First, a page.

Tulane Public Relations/Flickr
But we can do it. With enough willpower and determination, and with the number of workout plans available online, you don’t need a personal trainer to keep you on track as long as you stay committed to the process. Below, Insider Picks has collected home gym equipment for various types of workouts; whether you’re looking to up your endurance or come out of the winter season with a set of washboard abs, there’s something here that could help you on your way.
If you put the proper time and technique into working the heavy bag, you can get a full-body cardio workout. This bag from Outslayer is reviewed as being made with high-quality materials and built to last. Plus, in addition to getting a solid sweat going, you get to hit something and hit it hard; a solid way to relieve whatever stress life may be in your life.
Rowing machines can help improve your fitness level in a variety of ways; they can build and tone muscles, strengthen cardiovascular function, and improve your endurance. It’s a great way to burn calories, so if your main goal is weight loss, think about making it a part of your regular routine. Rowing is also a solid alternative for people with back and joint problems, as it places little strain on these areas as long as they’re using good form.
There are many stationary bikes to choose from if you’re in the market, but air bikes have a few features that make them a bit different from your SoulCycle bike. First, all resistance is created by you; the harder you pedal, the more the fan will push back. This allows to you change resistance at your own pace, making it the perfect piece of equipment for your home gym if you’re focused on high-intensity interval training. Also, unlike most stationary bikes, you’ll also be pushing and pulling with your arms while you move, providing an upper body workout as well.
Elliptical machines have been the subject of many a debate in gyms across the nation. While some purists believe the treadmill to be superior, there are many benefits to putting in time with the elliptical. To start, it’s a low impact workout; the gliding motion allows those with joint issues and back pain to work up a sweat without throwing their body out of place. Also, ellipticals lend themselves well to multitasking, so if you’re the type to read or watch “Survivor” while you exercise, this is a great addition to your home gym. While this model by Sole Fitness is pricey, most reviewers have cited that the quality is well worth the cost.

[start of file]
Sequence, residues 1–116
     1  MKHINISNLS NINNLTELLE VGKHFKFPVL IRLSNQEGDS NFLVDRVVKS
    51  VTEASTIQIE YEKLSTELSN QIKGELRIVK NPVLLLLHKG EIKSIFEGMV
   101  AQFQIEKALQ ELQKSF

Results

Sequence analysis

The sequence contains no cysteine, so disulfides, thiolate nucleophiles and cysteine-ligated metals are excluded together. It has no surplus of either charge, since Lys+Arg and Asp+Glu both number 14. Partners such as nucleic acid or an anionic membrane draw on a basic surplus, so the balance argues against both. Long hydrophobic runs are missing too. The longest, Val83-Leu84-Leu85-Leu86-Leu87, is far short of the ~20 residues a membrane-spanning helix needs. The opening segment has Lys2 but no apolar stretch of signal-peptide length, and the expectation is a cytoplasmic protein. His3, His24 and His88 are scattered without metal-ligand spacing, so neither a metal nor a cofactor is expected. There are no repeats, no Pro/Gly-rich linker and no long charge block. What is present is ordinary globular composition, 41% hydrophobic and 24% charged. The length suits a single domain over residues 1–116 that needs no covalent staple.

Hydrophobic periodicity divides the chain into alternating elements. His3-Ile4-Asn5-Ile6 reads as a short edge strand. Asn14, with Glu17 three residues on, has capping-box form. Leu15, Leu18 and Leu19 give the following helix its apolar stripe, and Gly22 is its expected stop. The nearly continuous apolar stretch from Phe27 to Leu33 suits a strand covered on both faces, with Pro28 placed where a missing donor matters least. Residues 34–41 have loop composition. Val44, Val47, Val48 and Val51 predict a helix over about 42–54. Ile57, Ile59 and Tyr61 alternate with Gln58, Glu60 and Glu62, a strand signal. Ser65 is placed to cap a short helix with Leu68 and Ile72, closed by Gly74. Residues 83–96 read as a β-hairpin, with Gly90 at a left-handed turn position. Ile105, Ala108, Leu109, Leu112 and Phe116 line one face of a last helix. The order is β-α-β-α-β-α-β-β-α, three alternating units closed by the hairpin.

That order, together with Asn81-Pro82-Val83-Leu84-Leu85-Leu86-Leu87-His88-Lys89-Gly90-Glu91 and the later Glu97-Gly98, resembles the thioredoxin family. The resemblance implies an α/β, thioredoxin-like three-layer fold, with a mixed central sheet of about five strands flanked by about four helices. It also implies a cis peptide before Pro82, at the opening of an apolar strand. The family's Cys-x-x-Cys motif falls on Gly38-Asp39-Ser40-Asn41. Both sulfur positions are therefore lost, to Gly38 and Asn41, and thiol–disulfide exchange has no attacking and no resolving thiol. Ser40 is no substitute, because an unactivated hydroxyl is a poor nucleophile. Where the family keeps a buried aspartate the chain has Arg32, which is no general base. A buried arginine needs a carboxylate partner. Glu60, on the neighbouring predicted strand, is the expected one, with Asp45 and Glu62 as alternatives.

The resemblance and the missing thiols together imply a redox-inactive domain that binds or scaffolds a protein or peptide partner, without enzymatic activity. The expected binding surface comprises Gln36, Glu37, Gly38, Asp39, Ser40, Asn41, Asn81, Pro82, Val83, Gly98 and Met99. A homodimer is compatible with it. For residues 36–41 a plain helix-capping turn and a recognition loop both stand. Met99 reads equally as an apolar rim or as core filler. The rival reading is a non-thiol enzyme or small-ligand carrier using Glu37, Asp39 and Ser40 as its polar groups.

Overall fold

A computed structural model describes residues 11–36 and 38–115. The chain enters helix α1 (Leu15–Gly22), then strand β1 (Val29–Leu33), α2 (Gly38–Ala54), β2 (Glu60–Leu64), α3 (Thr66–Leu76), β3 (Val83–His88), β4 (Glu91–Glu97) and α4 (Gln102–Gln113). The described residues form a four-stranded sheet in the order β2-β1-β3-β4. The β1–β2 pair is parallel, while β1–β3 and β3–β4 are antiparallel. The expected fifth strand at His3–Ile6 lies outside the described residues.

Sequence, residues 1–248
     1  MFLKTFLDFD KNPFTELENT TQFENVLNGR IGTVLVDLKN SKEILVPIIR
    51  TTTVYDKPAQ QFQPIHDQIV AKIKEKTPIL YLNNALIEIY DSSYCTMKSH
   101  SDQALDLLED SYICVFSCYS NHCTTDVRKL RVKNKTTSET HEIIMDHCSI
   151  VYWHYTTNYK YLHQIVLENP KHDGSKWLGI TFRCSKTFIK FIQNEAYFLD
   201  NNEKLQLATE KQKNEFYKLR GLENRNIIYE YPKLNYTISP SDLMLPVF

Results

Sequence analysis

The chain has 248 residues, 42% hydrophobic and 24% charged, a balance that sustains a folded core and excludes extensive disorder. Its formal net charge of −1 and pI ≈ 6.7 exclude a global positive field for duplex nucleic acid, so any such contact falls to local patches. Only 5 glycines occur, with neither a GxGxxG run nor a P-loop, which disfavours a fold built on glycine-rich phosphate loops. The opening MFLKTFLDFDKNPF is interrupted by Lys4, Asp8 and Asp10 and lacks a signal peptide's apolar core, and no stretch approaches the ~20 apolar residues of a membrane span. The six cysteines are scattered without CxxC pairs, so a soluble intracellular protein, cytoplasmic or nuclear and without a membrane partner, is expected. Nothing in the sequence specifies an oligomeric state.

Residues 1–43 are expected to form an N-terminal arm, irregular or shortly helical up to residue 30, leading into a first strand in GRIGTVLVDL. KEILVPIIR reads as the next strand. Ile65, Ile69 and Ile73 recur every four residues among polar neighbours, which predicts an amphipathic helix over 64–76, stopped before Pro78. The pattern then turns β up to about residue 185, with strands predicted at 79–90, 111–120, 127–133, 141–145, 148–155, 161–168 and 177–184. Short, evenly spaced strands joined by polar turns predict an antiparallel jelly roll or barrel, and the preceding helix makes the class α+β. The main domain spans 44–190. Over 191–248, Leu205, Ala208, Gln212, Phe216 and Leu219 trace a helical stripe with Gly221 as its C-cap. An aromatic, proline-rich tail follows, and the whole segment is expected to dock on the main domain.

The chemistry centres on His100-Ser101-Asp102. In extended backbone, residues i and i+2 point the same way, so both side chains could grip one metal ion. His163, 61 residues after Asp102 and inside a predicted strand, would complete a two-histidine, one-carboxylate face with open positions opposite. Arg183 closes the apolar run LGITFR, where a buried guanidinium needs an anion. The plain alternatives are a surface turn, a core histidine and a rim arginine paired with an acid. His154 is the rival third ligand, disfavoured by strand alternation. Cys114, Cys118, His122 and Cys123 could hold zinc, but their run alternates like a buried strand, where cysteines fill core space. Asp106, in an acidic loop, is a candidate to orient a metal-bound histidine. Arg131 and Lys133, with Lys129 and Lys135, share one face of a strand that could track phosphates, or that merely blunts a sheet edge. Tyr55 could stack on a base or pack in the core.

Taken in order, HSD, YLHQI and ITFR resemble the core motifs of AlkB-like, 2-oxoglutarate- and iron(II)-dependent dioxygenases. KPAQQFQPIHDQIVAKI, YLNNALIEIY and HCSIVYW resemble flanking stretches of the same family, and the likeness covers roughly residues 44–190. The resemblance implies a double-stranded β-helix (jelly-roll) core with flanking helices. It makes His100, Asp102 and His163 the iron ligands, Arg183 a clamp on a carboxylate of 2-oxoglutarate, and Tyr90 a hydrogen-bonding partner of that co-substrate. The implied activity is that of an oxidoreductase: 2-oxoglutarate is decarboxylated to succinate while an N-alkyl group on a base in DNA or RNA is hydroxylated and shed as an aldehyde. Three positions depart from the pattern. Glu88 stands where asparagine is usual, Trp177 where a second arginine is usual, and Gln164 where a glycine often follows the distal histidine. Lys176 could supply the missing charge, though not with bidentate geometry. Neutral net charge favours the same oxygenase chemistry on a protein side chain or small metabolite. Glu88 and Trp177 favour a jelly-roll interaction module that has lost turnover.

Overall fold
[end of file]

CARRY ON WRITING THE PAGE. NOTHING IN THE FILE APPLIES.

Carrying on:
Running is always a workout. If you can afford it, having a treadmill in your home gym can allow you to get your three daily miles in regardless of how much ice and rain Mother Nature throws at you.
Dumbbells are one of the most versatile pieces of equipment, and these adjustable weights by Bowflex only add to that versatility. With the turn of a dial, you have access to free weights from 5 to 52.5 pounds. For those starting a new workout regiment, this is a great feature that allows you to vary your workouts and continue to challenge yourself as you get stronger, rather than having to buy a new set of weights every time your biceps bulge out.
If you want to get a full workout in with your free weights, it’s helpful to have a bench that allows you to switch positions while keeping proper form.
For those who enjoy a machine-free workout, medicine balls are a valuable asset. Plan a workout of lunges, squats, sit ups, and curls, and you can get your whole body involved without jumping from machine to sweat-covered machine at an overcrowded gym.
Having a comfortable, reliable exercise mat is important for anyone trying to start a regular yoga regiment. It’s also a great surface for ab work, pushups, and your pre- and post-workout stretches. This mat from HemingWeigh is about 5/8” thick, providing an extra bit of cushion compared to your standard yoga mat, allowing you to save yourself the soreness that comes with working on a hardwood floor.
Once you get into the swing of your regular workout routine, you’ll probably (well, definitely) experience some soreness on your off days. To help relieve that pain, snag a foam roller such as this one by TriggerPoint in order to roll out knots and tight muscles.
On a Budget
Pull-ups are tough. Some of us can’t even do two in succession without our arms giving out. But if you set up a pull-up bar in a doorway of your home and make a point to do as many as you can each time you walk through, you’ll find improvement comes quicker than expected.
It’s quite possible you haven’t picked up a jump rope since elementary school, but if you’re looking for a cheap, portable way to get your blood flowing quickly, a jump rope is a solid investment. Ten minutes of continuous jumps are the equivalent of about 30 minutes of running, so if you’re having difficulty fitting time for cardio into your schedule, this could be your solution.
An ab wheel is a great way to mix up your core routine and flatten out your stomach. Just be careful jumping too quickly and too far into ab work, you might not be able to move the next day.
If the low-impact cardio offered by elliptical machines is appealing to you, but you don’t have the space or money for a commercial unit, this model by stamina is a nice alternative. While you lose the upper body push-pull of traditional ellipticals, maintaining your balance forces you to engage your core while pumping your legs.
Of course it’s nice to have top-tier equipment, but if you can’t swing paying four figures for a top-tier treadmill, there are some more affordable options that will still allow you to get your run in come snow or rain or heat. This model by Weslo is fairly narrow, but in giving up a few inches of width you’re saving a lot of money.